Vol. 21 No. 3
Orientation Week 2012
By Moritz Küpper (Burns 2012)
Jonathan Stock, who had never fired a gun in his life, hit the first five skeet in a row without even realizing it while at the shooting range at the Airlie Conference Center in Warrenton, VA. When he missed the next two and then hit another, he turned to the other fellows and proudly exclaimed, “Look, I got one!” The rest of our group, standing or lying in the grass nearby, burst out laughing. He didn’t even realize that he had hit six out of eight—a remarkable rookie performance!
Jonathan’s skeet shooting triumph was one of many highlights at the legendary Airlie weekend about which we had heard so much. Besides skeet shooting, Airlie also saw an intense football—sorry, soccer—match that left one player with broken toes; a highly competitive tennis match; some relaxing hours at the pool; Germans learning a traditional American party game called “kings;” but most importantly, seven Americans and twelve Germans having a great time together.
Just a few days before, no one was thinking about skeet shooting, drinks and broken toes when we gathered on a Tuesday night in the lobby of The Beacon Hotel to head to our welcome dinner at the DACOR Bacon House. Wearing fancy dresses and suits, we were looking forward to our orientation week and the next two months as Arthur F. Burns Fellows. As the class of 2012, our orientation booklet let us know that our class is historic: “Burns 25 Years—Transatlantic Dialogue: A Quarter Century of Journalism Exchange,” it said on the front page.
|Jonathan Stock takes aim while skeet shooting at Airlie.
But it was not only our milestone class that made our meetings, receptions and discussions exceptionally interesting, but also the upcoming presidential election. Obama vs. Romney, Democrats and Republicans, the polarization in American politics, the question of whether a third party could be founded… These were only a few of the topics we discussed in meetings at the International Center for Journalists (ICFJ) or at the German Marshall Fund. Jackson Janes of the American Institute for Contemporary German Studies gave us a detailed overview of transatlantic relations and Alec Phillips explained the differences between Republicans and Democrats. Former Democratic Congressman Glenn Nye gave us a good insight into the role of money in the election.
In terms of the transatlantic relationship, it was interesting to see, especially for the Germans, how sensitive American politics have been this election year following the Euro-crisis. Jonathan Rauch, an author and guest scholar at the Brookings Institution, had a particularly clear message for all of us, especially the Germans. At the end of our discussion, he declared empathically, “Go home and tell Merkel that it is a crisis and she should do something about it!”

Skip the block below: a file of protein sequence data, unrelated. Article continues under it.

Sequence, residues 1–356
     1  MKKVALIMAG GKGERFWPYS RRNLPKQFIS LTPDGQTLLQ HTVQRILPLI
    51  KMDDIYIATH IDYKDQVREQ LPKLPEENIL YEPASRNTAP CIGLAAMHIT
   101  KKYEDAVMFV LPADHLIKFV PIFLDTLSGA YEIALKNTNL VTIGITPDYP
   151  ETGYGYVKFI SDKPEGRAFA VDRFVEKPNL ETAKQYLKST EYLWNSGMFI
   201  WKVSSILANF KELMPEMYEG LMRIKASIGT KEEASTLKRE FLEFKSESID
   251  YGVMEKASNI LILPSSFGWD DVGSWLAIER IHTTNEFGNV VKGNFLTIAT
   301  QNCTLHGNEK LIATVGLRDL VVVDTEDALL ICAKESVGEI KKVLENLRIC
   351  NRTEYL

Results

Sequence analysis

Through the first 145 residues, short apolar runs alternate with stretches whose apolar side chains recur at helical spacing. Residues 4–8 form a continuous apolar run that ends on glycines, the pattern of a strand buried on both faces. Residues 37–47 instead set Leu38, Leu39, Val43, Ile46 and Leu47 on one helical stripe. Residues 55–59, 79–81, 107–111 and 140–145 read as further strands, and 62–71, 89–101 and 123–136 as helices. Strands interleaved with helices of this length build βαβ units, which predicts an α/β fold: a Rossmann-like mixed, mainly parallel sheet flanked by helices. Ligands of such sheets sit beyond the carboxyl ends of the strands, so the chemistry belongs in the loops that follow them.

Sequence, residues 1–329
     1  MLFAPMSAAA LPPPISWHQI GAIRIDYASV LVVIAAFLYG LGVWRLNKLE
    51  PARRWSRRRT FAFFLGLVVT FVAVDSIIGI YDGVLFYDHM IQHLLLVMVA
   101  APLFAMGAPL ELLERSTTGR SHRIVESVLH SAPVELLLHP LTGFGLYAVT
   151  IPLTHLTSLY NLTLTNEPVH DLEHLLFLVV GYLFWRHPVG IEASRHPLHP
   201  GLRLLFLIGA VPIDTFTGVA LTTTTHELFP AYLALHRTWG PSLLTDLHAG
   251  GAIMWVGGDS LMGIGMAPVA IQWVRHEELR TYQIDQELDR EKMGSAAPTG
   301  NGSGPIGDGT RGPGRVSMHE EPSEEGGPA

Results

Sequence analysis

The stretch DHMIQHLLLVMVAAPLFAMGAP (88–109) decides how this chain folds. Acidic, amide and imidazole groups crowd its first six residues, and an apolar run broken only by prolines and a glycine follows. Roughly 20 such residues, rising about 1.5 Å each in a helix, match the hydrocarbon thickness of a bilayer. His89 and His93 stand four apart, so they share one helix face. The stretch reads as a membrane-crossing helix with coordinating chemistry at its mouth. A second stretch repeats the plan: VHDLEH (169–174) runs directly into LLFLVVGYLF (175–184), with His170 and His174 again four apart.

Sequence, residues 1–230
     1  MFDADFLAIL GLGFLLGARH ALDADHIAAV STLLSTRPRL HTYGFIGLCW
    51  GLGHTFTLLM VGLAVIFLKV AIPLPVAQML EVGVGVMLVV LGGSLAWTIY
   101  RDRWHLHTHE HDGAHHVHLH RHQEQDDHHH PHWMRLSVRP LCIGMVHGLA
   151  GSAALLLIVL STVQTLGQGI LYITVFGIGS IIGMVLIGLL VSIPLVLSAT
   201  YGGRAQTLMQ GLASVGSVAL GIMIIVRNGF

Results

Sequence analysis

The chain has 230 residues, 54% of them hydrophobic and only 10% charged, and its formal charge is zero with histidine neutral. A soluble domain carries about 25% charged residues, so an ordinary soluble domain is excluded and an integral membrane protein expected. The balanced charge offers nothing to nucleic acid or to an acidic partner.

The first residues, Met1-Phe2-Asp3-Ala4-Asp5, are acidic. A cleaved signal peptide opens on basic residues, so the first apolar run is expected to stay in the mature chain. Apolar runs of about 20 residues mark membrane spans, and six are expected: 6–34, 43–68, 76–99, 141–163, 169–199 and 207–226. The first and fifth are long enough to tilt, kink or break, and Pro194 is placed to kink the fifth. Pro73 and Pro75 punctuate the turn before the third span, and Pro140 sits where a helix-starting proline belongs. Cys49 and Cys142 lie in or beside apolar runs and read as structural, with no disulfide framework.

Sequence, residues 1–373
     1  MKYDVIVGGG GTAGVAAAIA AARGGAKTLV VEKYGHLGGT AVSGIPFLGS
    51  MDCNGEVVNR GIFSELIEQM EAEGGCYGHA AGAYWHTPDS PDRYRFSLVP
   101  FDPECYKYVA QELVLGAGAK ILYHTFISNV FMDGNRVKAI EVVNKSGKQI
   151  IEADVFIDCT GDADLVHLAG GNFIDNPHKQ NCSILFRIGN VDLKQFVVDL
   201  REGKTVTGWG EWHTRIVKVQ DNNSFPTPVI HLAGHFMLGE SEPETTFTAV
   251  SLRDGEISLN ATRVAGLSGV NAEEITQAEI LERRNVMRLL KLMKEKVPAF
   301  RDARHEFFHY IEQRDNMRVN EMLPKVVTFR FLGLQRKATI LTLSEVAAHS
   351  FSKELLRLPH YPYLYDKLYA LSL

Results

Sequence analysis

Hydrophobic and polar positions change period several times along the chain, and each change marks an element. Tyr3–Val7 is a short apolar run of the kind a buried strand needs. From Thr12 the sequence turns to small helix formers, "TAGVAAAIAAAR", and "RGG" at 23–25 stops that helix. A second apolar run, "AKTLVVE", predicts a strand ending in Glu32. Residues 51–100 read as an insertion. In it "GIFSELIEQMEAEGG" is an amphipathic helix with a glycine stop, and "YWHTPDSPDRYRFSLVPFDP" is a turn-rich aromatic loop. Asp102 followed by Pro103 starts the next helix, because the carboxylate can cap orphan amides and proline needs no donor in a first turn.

Having tackled these topics pretty well, Elliott Abrams, the former Deputy National Security Advisor for Middle Eastern Affairs under George W. Bush, gave us deep insight into American policies in the Middle East with a remarkably frank discussion about Iran.
|Senator Michael Bennet (left) with German Ambassador Peter Ammon.
In addition to politics, we also talked at length about the state of the media on both sides of the Atlantic with author and Burns Trustee Elizabeth Becker and Rem Rieder of the American Journalism Review
. Both speakers pointed out the importance, and also decline, of foreign reporting.
Finally, we enjoyed a stunning Burns 25th Anniversary Dinner at the residence of the Ambassador of the Federal Republic of Germany, Peter Ammon. Senator Michael Bennet of Colorado delivered the keynote speech and discussed the situation in Aurora only a few days after the horrifying shooting there.
Sitting in the newsroom of the NPR-affiliated WAMU 88.5 and looking through my notes from the orientation week, I realize that these six days fulfilled their purpose quite well. We received a broad orientation of the transatlantic relationship that prepared us for the following two months, but we also had a great time and made new friends. We thank the Arthur F. Burns Fellowship Program, ICFJ, IJP, Frank Freiling, Emily Schult, and everyone else who made our D.C. orientation and two-month fellowship experience so superb.
Moritz Küpper has worked at the national public radio in Germany, Deutschlandfunk, in Cologne as an editor, reporter and presenter since April 2010. He is based in the sports department. Previously, he worked as an editor for the business magazine Capital. He is spending his Burns Fellowship at the NPR-affiliated WAMU 88.5 in Washington, D.C.
Washington Dinner at Ambassador Peter Ammon's Residence
The 2012 Arthur F. Burns Fellows
|2012 Fellows Sonia Kennebeck and Rieke Havertz are joined by 2011 Fellow Catherine Cheney and Trustee Christian Lange
|Guests enjoy a dinner celebrating the 25th anniversary of the Burns Fellowship at the German ambassador's residence.
Burns Alumni Crash the Republican National Convention
By Steffi Dobmeier (Burns 2010)
I think I speak for the whole ICFJ delegation to the Republican National Convention in Tampa when I say: What a crazy spectacle, what an enthusiastic and committed crowd, what a special and nevertheless weird adventure!